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How Effective Are Paid Hacking Contests?

The developers of messaging app Telegram believe their service is airtight. They’ll pay good money to the hacker that proves them wrong–but how much do hacking contests ever prove?

How Effective Are Paid Hacking Contests?
[Image: Flickr user Madzia Bryll]

Telegram, a two-month-old messaging app for iOS and Android, promises heavily encrypted, self-destructing messages and an open data protocol–and it’s putting up some cash to prove its mettle.

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To win, hackers must intercept a daily message between Telegram founders Nikolai and Pavel Durov containing a secret email address, and send them a message explaining how for a $200,000 prize to be paid in Bitcoin. Regardless of whether or not someone is able to pull it off, Telegram and its users win, argue the Durov brothers–who previously created VKontakte, Russia’s largest social network.

This an approach that several tech companies are adopting in order to make their digital security airtight. But it has its critics, and it has had them for a long time. In 1998, cryptographer Bruce Schneier wrote about the effectiveness of contests as a metric for security:

“Contests, if implemented correctly, can provide useful information and reward particular areas of research. But they are not useful metrics to judge security. I can offer $10K to the first person who successfully breaks into my home and steals a book off my shelf. If no one does so before the contest ends, that doesn’t mean my home is secure. Maybe no one with any burgling ability heard about my contest. Maybe they were too busy doing other things…Maybe they did break into my home, but took a look around and decided to come back when there was something more valuable than a $10,000 prize at stake. The contest proved nothing.”

Durov acknowledges this, and to that end has stated that the contest will remain open–with a cash prize that increases over time–for this very reason. But skeptics on Hacker News point out that the contest asks hackers to follow specific rules–rules that a legitimate attacker or government agency wouldn’t play by.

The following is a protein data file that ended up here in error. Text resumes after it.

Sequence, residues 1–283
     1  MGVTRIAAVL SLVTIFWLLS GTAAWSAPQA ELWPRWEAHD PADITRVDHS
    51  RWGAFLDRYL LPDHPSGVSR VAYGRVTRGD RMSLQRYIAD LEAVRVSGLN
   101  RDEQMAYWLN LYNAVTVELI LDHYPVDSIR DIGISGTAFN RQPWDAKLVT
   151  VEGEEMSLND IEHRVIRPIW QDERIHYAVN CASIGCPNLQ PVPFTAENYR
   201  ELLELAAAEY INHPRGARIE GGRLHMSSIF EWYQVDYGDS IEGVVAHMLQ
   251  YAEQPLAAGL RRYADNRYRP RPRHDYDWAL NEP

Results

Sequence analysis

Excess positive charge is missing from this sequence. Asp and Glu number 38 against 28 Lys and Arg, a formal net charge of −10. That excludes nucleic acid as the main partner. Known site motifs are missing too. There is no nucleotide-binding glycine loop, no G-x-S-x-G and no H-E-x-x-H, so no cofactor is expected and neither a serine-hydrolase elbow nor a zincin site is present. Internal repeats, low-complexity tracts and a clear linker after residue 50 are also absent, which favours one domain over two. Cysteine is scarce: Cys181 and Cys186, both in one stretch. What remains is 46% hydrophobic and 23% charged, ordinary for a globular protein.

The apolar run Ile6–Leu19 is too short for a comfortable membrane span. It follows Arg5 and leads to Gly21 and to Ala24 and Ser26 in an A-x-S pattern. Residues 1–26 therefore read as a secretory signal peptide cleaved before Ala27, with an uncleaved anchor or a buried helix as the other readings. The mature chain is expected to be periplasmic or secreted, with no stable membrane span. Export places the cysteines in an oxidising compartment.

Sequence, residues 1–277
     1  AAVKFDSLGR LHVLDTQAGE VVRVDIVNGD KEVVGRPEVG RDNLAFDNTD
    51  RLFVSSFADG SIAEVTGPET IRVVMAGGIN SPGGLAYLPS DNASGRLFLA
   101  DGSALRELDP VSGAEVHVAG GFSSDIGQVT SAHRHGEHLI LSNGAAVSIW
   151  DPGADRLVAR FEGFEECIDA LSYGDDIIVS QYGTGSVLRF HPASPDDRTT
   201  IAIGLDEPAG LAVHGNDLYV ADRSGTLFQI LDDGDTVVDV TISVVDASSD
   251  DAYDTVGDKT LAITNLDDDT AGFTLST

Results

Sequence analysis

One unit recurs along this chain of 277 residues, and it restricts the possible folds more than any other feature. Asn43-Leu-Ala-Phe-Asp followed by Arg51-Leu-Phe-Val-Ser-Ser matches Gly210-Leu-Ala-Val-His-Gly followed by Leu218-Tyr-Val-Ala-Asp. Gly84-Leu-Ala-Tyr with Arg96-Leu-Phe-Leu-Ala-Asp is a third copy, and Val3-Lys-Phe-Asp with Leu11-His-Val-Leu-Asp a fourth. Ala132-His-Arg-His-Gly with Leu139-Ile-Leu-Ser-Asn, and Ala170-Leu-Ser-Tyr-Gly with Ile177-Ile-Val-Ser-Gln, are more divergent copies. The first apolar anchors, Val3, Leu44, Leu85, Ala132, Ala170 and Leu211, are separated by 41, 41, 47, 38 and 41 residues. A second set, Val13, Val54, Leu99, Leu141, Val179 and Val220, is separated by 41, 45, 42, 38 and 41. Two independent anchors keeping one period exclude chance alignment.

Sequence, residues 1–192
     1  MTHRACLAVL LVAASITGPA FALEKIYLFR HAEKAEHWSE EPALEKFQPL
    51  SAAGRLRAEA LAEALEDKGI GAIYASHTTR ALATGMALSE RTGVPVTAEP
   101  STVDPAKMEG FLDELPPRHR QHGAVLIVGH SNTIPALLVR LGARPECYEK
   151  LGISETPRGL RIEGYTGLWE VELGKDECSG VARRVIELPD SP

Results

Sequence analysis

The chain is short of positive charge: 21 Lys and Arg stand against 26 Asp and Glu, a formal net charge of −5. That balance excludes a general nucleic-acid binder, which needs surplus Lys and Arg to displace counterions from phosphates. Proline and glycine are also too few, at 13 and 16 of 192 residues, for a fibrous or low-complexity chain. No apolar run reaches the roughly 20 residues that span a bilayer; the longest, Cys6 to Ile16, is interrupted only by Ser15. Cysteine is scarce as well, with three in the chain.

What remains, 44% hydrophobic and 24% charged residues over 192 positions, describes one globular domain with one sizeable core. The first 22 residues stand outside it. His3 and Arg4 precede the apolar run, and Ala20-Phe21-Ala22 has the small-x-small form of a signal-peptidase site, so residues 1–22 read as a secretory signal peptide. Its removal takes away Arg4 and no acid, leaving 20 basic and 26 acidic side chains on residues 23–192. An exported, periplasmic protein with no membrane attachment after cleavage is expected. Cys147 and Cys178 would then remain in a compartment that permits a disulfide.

However, contests are still regularly held by tech companies all the time, and they do result in exposed vulnerabilities despite their limitations. January of this year, Google held its third annual Pwnium competition, offering up to $150,000 to hackers who were able to exploit Chrome OS in its own high-stakes hacking challenge. While no one was able to fully exploit the OS by the deadline, a competitor known as Pinkie Pie was able to submit a partial exploit, which won him $40,000. Google, of course, patched his exploits promptly.

Also similar is the Zero Day Initiative, which seeks to reward security researchers for responsibly disclosing vulnerabilities. They’ve partnered with Dragos Ruiu of the CanSecWest security conference–whose recent work has led to the discovery of “airborne” computer viruses–to host Pwn2Own, a contest that challenges hackers to exploit any unknown vulnerabilities they can find in a range of software and mobile devices for a cash prize. A number of winners claimed prizes this year, as did several in the mobile-focused spinoff contest in Tokyo last September.

But past winners of such contests haven’t always spoken well of them. Three-time Pwn2Own winner Charlie Miller has criticized the structure of the contest, stating in 2011 that several competitors who don’t win according to the guidelines still leave with viable exploits. This came one year after Miller refused to hand over more than 20 vulnerabilities he found in the prior contest, telling Computer World that it doesn’t result in any real progress in security.

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“We find a bug, they patch it,” said Miller. “We find another bug, they patch it. That doesn’t improve the security of the product. True, [the software] gets incrementally better, but they actually need to make big improvements. But I can’t make them do that.”

Hat tip: The Next Web

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